Times-Picayune editor Jim Amoss appeared on PBS' "NewsHour" Thursday night and spoke out about the major staff cuts that hit the New Orleans paper earlier this week.

Layoffs began at the T-P on Tuesday, when the paper reported that it was cutting a third of its staff, a total of 202 employees. The news came weeks after the paper's parent company, Advance Publications, announced that the daily paper would cut back to printing only three editions per week in the fall, sending a shockwave throughout the news operation.

The paper and its parent company have said that both decisions were made in a greater effort to push the paper towards its digital future, by investing more in its website and lowering its commitment to the daily print edition. Amoss wrote an essay that ran on the T-P's front page on Thursday, further stressing the need for the news operation to "adapt" to the digital world.

In a discussion with Amoss and the New York Times' David Carr, "NewsHour" host Judy Woodruff asked the editor if it was possible to report the same quality of news with roughly half the people.

"Oh, that's a misleading figure," Amoss said. "We had severances, layoffs yesterday. And we are losing somewhere in the 40 percent-plus realm, but we also will be rehiring. So that when all is said and done, we will have a news operation that overall is about 14 percent to 15 percent smaller than now."

Amoss added that the T-P will continue its strong commitment to reporting strength in the field and investigative journalism, which he referred to as the paper's hallmark.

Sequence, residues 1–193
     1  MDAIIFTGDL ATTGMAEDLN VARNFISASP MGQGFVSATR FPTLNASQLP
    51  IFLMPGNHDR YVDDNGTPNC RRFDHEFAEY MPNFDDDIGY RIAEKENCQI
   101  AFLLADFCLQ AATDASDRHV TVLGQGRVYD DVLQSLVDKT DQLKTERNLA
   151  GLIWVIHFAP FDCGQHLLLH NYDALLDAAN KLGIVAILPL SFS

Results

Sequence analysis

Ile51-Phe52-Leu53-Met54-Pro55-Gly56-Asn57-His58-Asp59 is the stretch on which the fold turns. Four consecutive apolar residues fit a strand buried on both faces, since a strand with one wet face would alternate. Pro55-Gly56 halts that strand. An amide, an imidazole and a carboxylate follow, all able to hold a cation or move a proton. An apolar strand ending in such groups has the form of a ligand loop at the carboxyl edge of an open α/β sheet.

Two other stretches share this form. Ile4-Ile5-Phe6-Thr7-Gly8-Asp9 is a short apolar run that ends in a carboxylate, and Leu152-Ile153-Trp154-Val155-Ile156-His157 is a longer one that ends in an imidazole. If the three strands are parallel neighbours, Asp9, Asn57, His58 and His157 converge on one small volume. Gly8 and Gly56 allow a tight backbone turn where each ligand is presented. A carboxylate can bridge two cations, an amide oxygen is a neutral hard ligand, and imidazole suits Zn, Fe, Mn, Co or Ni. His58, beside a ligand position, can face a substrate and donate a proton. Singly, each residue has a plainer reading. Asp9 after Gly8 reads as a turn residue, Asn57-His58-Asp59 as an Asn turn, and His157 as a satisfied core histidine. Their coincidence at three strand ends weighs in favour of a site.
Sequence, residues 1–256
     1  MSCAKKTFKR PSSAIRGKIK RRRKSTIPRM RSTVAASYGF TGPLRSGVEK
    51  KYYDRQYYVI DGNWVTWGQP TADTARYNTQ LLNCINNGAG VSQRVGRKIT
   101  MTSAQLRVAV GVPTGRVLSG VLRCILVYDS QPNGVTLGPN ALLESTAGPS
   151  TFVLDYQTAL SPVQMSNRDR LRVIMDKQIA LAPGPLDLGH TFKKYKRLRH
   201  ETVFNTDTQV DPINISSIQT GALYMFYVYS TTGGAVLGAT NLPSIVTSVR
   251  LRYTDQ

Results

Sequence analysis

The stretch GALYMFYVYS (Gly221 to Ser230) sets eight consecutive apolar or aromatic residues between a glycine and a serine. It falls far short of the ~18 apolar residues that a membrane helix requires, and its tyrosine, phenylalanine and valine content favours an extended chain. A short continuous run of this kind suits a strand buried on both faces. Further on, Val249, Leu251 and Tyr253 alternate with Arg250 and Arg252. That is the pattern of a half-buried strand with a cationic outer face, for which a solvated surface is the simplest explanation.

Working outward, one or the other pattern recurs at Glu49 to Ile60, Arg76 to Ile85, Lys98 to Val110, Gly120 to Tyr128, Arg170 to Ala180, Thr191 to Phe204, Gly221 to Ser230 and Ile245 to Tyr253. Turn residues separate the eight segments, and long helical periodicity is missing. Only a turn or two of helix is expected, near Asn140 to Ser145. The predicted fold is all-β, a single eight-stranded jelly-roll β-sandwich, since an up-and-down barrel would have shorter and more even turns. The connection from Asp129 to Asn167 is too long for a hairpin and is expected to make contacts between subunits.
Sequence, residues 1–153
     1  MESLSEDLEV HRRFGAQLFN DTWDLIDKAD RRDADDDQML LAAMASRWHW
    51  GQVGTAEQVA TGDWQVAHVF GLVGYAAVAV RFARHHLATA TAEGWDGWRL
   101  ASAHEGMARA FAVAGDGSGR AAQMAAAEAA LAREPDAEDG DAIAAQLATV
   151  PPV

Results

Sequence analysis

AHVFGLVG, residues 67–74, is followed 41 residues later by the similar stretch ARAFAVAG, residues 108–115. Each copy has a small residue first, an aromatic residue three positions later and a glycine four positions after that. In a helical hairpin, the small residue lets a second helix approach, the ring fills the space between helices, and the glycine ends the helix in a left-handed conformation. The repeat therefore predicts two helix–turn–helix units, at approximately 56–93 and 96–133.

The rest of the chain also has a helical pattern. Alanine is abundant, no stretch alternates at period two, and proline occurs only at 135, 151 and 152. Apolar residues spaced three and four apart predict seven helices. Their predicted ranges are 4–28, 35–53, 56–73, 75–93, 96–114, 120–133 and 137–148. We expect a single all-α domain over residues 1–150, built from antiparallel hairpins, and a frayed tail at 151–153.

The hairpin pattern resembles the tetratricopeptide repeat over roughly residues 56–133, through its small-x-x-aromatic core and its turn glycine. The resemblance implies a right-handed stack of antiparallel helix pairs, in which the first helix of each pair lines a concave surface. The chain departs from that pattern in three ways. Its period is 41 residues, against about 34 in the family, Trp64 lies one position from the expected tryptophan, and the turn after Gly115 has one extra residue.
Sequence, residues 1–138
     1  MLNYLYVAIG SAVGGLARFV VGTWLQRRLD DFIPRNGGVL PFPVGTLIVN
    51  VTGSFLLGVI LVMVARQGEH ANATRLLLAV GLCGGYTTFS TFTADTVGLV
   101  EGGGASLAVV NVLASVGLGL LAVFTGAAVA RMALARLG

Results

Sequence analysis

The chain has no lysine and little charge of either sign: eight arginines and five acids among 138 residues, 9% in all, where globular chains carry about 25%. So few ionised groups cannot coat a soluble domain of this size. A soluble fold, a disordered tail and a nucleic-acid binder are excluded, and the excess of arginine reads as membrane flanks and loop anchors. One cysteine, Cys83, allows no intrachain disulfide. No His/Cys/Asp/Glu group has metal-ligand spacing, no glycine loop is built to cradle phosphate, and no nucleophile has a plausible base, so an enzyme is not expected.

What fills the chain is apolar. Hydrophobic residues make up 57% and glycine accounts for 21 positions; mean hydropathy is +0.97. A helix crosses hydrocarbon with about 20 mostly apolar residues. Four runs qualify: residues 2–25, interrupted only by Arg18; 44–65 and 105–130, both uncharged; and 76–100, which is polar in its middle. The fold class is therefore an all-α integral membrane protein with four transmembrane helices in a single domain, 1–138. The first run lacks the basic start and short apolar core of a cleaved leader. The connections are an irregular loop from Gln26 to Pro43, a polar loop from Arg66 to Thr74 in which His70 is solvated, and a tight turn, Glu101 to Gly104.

Though Amoss stressed that the news operation would only be a fraction smaller after its reorganization, Carr spoke about what he called the institutional memory loss the paper faces with such dramatic cuts.

"[Amoss is] losing a lot of institutional memory, a lot of reporters who have relationships out into the community," Carr told Woodruff. "It's not print that is disappearing. It's expertise."

Carr complimented Amoss' strength in publishing and circulating a daily paper, but said that the T-P has digital drawbacks. "I and others find their website a lot less impressive," Carr said. "And maybe some of these hires are going to help him turn it around, but it isn't really what they're good at. And so I — not in economic terms, but in terms of their skills — I think they're pivoting from their strength to their weakness."

Amoss assured Woodruff and Carr that the T-P will continue to thrive in its digital future. "We will continue to have by for the most complete and most formidable news gathering muscle in this community, and readers will just have to hold us accountable to that promise that I'm making."

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